Glue trap in Raleigh ends daylong search for venomous zebra cobra

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Despite the consultation and preparation by animal control officers, a glue trap was ultimately deployed to capture a venomous zebra cobra on a north Raleigh porch on Wednesday, ending an eventful 48-hour period that attracted attention throughout North Carolina.

The glue was removed from the cobra's body after being guided into a red bucket and brought to a safe location.

Earlier in the day, WRAL's cameras caught the snake crawling out of a siding onto a porch on Sandringham Drive. When it lifted its head to look around, the top of its hood was visible.

When officers confirmed it was the snake, they walked back from the camera crew before moving in to try and capture it.

The search was sparked by a 911 call from the same home early Tuesday.


Researchers attempt to trap a venomous zebra cobra in north Raleigh but locate a glue trap instead

There are no tags for Raleigh Cobra.

Posted in the early morning of July 1, 2021

10:00 a.m., July 13 2021

By Kasey Cunningham, Joe Fisher & Matt Talhelm, WRAL reporters, and Heather Leah & Maggie Brown, multiplatform producers

North Carolina, Raleigh Following a 48-hour saga that garnered attention from across North Carolina, a glue trap eventually entrapped a venomous zebra cobra on a north Raleigh porch Wednesday night, capping an unusual 48-hour saga that garnered national attention.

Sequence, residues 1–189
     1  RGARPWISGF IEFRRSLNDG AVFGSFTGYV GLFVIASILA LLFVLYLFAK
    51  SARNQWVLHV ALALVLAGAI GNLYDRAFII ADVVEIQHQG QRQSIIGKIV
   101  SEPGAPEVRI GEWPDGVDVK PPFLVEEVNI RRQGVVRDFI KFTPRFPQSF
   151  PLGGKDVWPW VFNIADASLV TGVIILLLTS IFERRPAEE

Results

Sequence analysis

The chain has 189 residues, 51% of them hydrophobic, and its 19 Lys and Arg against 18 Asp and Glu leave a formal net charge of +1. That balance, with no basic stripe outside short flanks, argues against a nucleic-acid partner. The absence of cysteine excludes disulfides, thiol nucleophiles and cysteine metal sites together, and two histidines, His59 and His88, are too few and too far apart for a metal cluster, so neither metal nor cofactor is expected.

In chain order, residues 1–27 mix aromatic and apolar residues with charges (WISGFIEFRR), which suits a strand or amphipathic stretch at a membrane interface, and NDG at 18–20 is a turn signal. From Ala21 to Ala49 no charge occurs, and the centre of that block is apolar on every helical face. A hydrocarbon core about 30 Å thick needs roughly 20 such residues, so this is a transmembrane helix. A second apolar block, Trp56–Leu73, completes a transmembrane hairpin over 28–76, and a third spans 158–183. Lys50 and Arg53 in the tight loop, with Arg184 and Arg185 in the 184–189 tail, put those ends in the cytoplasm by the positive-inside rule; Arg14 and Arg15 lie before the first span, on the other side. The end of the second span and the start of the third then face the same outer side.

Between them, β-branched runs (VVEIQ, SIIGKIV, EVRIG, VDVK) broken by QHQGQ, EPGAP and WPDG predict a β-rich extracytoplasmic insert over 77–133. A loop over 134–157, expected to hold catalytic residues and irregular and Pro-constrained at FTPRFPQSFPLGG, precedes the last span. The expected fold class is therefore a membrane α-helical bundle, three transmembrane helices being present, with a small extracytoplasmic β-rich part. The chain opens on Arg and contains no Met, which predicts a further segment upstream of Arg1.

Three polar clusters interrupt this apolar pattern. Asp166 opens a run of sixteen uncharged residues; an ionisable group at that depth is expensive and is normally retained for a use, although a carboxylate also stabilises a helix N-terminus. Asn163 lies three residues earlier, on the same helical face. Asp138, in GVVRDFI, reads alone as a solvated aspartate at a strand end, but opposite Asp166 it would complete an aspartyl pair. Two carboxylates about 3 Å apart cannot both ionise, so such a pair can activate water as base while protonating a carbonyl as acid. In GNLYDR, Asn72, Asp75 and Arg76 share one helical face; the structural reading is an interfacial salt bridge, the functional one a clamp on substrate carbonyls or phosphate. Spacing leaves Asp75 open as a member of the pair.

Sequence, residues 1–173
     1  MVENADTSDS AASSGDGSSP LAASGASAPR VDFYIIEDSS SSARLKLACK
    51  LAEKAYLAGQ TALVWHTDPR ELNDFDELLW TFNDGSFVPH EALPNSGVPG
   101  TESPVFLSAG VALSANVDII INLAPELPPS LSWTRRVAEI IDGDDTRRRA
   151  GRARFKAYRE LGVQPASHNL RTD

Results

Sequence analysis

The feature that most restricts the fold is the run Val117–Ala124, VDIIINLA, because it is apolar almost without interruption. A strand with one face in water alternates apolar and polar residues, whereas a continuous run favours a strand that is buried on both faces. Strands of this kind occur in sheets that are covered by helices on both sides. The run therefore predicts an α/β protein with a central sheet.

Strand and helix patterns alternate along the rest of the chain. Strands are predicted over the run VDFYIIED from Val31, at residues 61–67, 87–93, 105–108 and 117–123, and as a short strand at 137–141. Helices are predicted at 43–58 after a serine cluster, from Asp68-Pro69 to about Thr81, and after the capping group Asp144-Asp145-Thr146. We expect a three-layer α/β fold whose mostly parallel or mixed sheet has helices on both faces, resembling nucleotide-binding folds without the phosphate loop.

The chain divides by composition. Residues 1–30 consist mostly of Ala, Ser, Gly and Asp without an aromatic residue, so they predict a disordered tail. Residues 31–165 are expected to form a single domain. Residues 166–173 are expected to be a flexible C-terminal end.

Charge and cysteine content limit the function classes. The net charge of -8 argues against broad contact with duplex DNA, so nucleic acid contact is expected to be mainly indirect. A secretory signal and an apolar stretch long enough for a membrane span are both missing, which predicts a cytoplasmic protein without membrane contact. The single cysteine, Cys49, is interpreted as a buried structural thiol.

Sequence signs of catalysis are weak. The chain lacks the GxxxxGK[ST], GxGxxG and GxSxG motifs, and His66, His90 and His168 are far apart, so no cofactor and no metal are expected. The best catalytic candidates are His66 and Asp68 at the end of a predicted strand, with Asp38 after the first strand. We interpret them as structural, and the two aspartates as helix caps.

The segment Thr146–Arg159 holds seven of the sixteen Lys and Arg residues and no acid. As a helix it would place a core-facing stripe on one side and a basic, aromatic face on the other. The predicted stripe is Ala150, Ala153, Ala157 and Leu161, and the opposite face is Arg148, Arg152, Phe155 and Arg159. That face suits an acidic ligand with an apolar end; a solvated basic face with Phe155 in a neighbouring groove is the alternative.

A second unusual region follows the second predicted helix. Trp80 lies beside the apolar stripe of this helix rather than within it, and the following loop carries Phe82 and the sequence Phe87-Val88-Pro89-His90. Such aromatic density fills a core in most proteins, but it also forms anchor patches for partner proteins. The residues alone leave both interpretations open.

As soon as the cobra was guided into the red bucket, it was moved to a safe location where the glue could be fully removed.

As WRAL's cameras captured it earlier in the day, a striped snake slithered out of the siding of a house on Sandringham Drive and onto a porch. Looking around, its hood was visible as it lifted its head.

After confirming it was the snake, Animal Control officers moved the camera crews back before moving in to capture it.

Searches were launched early Tuesday after the same home made a 911 call.

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The ordeal has ended, said Joan Nelson, her neighbor.

My feeling of security has improved, she said. Now that I'm outside, I can go on my deck and have a walk. It's very sad for the snake, though.

logan snake catcher A striped snake lies out on a porch in a north Raleigh neighborhood where a zebra cobra has disappeared.

The snake, a zebra cobra, can spit up to 9 feet and is faster than most snakes, making even a morning walk with the dog scary. The African Snakebite Institute states that the snake is very dangerous. A victim's nervous system could shut down if stung with venom.

Anyone exposed to the poison of the cobra would experience immediate pain, swelling, irritation, vomiting, and diarrhea. It would then lead to a high fever and breathing problems, which could cause respiratory failure.

An experienced veterinarian, Dr. Salina Locke, treats all kinds of pets at the Avian and Exotic Animal Care.

Normally, this cobra species does not bite. Venom is more likely to be sprayed by them, she said; they are very accurate and aim straight for the eyes.

Despite the risks involved, Locke does not recommend keeping this snake as a pet.

Sleeping is the most common time when people are bitten. Bite victims may suffer health problems for years, research reveals.

Tuesday afternoon, police searched a home at 6917 Chamonix Place, near the last location where the cobra was spotted.

This home was visited four times by police during the month of March. Following the sighting on Monday and Tuesday of the zebra cobra on a porch about half a mile away, they returned.

The records of the county show Rebecca and Keith Gifford live at the address. In a Facebook profile associated with Keith Gifford's name, there are several pictures of snakes he says his son Christopher owns.

His TikTok account has more than 460000 followers. He says he has a 7-foot-long zebra cobra on one of his posts.